As for the appropriate actions to take if a study’s status displays the “No Available Timeslots”, it depends upon whether or not the study’s researchers actually want the study to have timeslots at that particular time (it could be too earlier and they aren’t ready, or perhaps the study is wrapping up). If so, the appropriate actions are straightforward and simple: Add timeslots. Researchers can do this using the Timeslots link in the column to the right:
If a study isn’t supposed to be available (perhaps the researchers are finalizing certain details such as where to carry out the study), then there shouldn’t be timeslots available. The timeslots status indicator does not tell you whether there ought to be timeslots available or not. It indicates either that there are “Timeslots Available” or that there are “No Available Timeslots”. Nothing more, nothing less.
A pretty basic example can make this much more concrete, and still be quite generally applicable. Consider what tends to happen immediately after you or a researcher has just added an active study. If you then check the study information page, you’ll see it appear on the study table as expected. Also, as should be expected, you’ll also see the red indicator telling you that there are “No Available Timeslots” for this study. Why? Because you have to add timeslots to new studies before there can be any available (well, maybe not “you” specifically, but a researcher on your site would have to).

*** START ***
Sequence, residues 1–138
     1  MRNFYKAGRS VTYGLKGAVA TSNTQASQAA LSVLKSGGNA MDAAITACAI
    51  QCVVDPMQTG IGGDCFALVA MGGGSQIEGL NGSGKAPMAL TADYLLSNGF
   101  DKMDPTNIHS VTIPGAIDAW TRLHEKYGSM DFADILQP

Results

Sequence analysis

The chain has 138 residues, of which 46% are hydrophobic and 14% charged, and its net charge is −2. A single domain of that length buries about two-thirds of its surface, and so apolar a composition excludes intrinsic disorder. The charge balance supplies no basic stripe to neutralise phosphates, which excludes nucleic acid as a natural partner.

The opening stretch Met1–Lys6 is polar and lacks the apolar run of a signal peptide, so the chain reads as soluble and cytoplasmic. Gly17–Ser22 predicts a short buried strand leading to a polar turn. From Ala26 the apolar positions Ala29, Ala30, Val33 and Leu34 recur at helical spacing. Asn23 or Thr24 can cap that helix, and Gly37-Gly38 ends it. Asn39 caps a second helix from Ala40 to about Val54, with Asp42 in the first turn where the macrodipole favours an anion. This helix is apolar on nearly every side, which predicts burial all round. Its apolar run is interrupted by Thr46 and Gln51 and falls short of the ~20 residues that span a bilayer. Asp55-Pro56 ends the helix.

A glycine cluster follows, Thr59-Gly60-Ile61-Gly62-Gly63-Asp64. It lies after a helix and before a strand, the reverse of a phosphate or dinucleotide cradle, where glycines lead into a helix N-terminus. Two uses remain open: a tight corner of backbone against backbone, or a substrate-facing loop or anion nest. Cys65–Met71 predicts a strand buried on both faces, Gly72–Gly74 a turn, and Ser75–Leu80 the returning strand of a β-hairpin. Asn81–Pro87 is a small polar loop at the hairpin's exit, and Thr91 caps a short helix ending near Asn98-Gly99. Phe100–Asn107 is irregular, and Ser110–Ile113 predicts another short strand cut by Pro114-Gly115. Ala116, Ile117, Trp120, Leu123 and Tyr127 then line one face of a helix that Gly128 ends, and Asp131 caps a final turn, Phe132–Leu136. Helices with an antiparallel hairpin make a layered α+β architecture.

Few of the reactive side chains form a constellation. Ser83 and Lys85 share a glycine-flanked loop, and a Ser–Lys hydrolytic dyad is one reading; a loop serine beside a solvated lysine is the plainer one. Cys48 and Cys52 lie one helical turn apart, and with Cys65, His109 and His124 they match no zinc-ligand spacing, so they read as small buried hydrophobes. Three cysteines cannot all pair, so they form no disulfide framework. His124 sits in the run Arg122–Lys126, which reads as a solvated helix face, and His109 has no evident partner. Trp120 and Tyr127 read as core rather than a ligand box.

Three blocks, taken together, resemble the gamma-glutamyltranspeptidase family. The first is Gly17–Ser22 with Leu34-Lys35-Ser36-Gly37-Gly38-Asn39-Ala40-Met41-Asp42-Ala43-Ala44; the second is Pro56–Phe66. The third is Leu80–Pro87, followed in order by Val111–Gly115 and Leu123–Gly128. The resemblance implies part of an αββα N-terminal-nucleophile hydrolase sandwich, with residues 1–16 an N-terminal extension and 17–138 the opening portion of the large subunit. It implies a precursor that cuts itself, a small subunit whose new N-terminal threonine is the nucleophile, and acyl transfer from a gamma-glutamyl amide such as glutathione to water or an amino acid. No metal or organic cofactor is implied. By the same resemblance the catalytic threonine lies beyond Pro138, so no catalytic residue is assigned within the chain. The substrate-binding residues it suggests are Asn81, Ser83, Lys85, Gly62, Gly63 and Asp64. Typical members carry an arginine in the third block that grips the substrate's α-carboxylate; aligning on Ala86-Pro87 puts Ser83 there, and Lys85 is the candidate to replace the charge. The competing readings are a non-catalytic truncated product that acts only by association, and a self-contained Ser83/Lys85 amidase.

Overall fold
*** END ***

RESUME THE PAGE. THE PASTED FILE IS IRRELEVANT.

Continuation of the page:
Seeing Red when you want to go Green
On the other hand, there are times when the red indicator really does read more like a warning, but again it comes down to context. Researchers generally know when they want participants to be able to sign up for studies. So the red indicator should only be akin to a warning if both of the following are true:
The researchers responsible for the study want timeslots to be available, or perhaps thought that there were.
The status column indicates no timeslots are, in fact, available.